The best way to prevent chlamydia is to practice safe sex by using condoms or dental dams, getting regular testing if you are sexually active, and avoiding sexual contact with infected partners. 

Gonorrhea

Gonorrhea is a sexually transmitted infection (STI) caused by the bacterium Neisseria gonorrhoeae. It is transmitted through sexual contact with an infected partner, including vaginal, anal, and oral sex. Gonorrhea is one of the most common STIs in the world, and it can affect both men and women. 

However, it is often asymptomatic, meaning it does not cause noticeable symptoms. This can make it difficult to detect and treat the infection and increase the risk of transmitting the infection to others. When symptoms do occur, they may include discharge from the penis or vagina, pain or burning during urination, and pain or bleeding during sexual intercourse. In women, gonorrhea can also cause abdominal pain, fever, and irregular vaginal bleeding. If left untreated, gonorrhea can have serious complications, particularly in women. 

It can cause pelvic inflammatory disease (PID), leading to infertility, chronic pelvic pain, and ectopic pregnancy. In men, gonorrhea can lead to epididymitis, a painful inflammation of the testicles. Gonorrhea can be diagnosed through a simple urine test or swab of the infected area. It can be treated with antibiotics, typically ceftriaxone and azithromycin. It is important for sexual partners of an infected person to also get tested and treated to prevent reinfection.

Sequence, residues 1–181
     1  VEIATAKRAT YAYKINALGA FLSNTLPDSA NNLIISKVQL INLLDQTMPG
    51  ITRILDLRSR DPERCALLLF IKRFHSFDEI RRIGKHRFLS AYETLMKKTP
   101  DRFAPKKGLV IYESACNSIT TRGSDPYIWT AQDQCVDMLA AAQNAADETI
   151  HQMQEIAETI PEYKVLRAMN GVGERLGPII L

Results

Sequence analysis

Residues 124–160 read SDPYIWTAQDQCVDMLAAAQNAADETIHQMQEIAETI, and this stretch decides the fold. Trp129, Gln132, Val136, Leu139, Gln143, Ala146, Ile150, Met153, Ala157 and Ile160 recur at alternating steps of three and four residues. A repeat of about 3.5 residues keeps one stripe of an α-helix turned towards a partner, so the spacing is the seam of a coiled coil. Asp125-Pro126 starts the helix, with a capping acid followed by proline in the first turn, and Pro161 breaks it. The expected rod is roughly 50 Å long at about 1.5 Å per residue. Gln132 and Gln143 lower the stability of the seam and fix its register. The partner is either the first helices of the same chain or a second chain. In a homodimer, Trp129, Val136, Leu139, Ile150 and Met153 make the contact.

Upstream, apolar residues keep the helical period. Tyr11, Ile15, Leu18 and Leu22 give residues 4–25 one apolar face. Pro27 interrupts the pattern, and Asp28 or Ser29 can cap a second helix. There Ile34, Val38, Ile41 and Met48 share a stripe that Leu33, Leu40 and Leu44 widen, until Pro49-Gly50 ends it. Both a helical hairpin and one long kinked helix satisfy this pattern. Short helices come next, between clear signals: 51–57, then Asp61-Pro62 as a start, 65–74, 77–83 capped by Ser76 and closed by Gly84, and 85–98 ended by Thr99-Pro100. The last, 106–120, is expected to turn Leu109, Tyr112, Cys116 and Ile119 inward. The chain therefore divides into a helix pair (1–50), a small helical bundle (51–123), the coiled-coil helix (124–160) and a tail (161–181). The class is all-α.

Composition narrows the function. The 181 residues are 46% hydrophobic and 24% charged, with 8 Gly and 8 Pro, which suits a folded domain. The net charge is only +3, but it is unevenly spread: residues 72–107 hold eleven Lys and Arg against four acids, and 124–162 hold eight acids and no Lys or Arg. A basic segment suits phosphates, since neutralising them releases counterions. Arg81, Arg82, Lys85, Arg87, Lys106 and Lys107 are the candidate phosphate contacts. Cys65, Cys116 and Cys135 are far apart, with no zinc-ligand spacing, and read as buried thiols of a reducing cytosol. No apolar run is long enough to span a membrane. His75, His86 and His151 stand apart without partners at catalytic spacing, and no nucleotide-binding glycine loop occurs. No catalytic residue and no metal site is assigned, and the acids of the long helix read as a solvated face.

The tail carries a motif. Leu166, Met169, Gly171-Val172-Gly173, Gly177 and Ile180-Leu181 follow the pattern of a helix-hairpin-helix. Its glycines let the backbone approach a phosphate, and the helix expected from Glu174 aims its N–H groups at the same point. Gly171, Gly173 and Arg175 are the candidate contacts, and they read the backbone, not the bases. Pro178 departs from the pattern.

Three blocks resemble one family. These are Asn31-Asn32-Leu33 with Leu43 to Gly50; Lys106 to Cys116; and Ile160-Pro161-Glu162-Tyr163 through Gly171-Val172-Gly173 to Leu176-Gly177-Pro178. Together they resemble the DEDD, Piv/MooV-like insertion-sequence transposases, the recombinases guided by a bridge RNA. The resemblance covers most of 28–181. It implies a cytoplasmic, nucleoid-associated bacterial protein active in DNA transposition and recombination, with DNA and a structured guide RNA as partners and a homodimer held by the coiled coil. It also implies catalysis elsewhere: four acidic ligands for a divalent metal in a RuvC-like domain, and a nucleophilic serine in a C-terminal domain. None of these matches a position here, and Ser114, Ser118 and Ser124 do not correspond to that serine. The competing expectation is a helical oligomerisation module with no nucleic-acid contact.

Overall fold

The best way to prevent gonorrhea is to practice safe sex by using condoms or dental dams, getting regular testing if you are sexually active, and avoiding sexual contact with infected partners.

Syphilis

Syphilis is a sexually transmitted infection (STI) caused by the bacterium Treponema pallidum. It is transmitted through sexual contact with an infected partner, including vaginal, anal, and oral sex.

Syphilis develops in stages, and each stage has its own set of symptoms:

  • Primary Syphilis: The first sign of syphilis is usually a small, painless sore (called a chancre) on or near the genitals, anus, or mouth. The sore typically heals on its own within a few weeks.
  • Secondary Syphilis: Several weeks after the chancre appears, a rash may develop on the body, including the palms of the hands and soles of the feet. Other symptoms may include fever, fatigue, sore throat, and swollen lymph nodes.
  • Latent Syphilis: After the symptoms of secondary syphilis resolve, the infection enters a latent phase where there are no noticeable symptoms. This phase can last for years, and during this time, the bacteria can still be transmitted to others.
  • Tertiary Syphilis: If left untreated, syphilis can progress to a late stage where it can cause serious complications such as blindness, heart disease, brain damage, and even death.

Syphilis can be diagnosed through a blood test or a swab of the infected area. It can be treated with antibiotics, typically penicillin. Sexual partners of an infected person should also get tested and treated to prevent reinfection.

The best way to prevent syphilis is to practice safe sex by using condoms or dental dams, getting regular testing if you are sexually active, and avoiding sexual contact with infected partners. 

Herpes

Herpes is a common sexually transmitted infection (STI) caused by the herpes simplex virus (HSV). There are two types of herpes: herpes simplex virus type 1 (HSV-1) and herpes simplex virus type 2 (HSV-2). HSV-1 is typically associated with cold sores on or around the mouth, while HSV-2 is typically associated with genital herpes.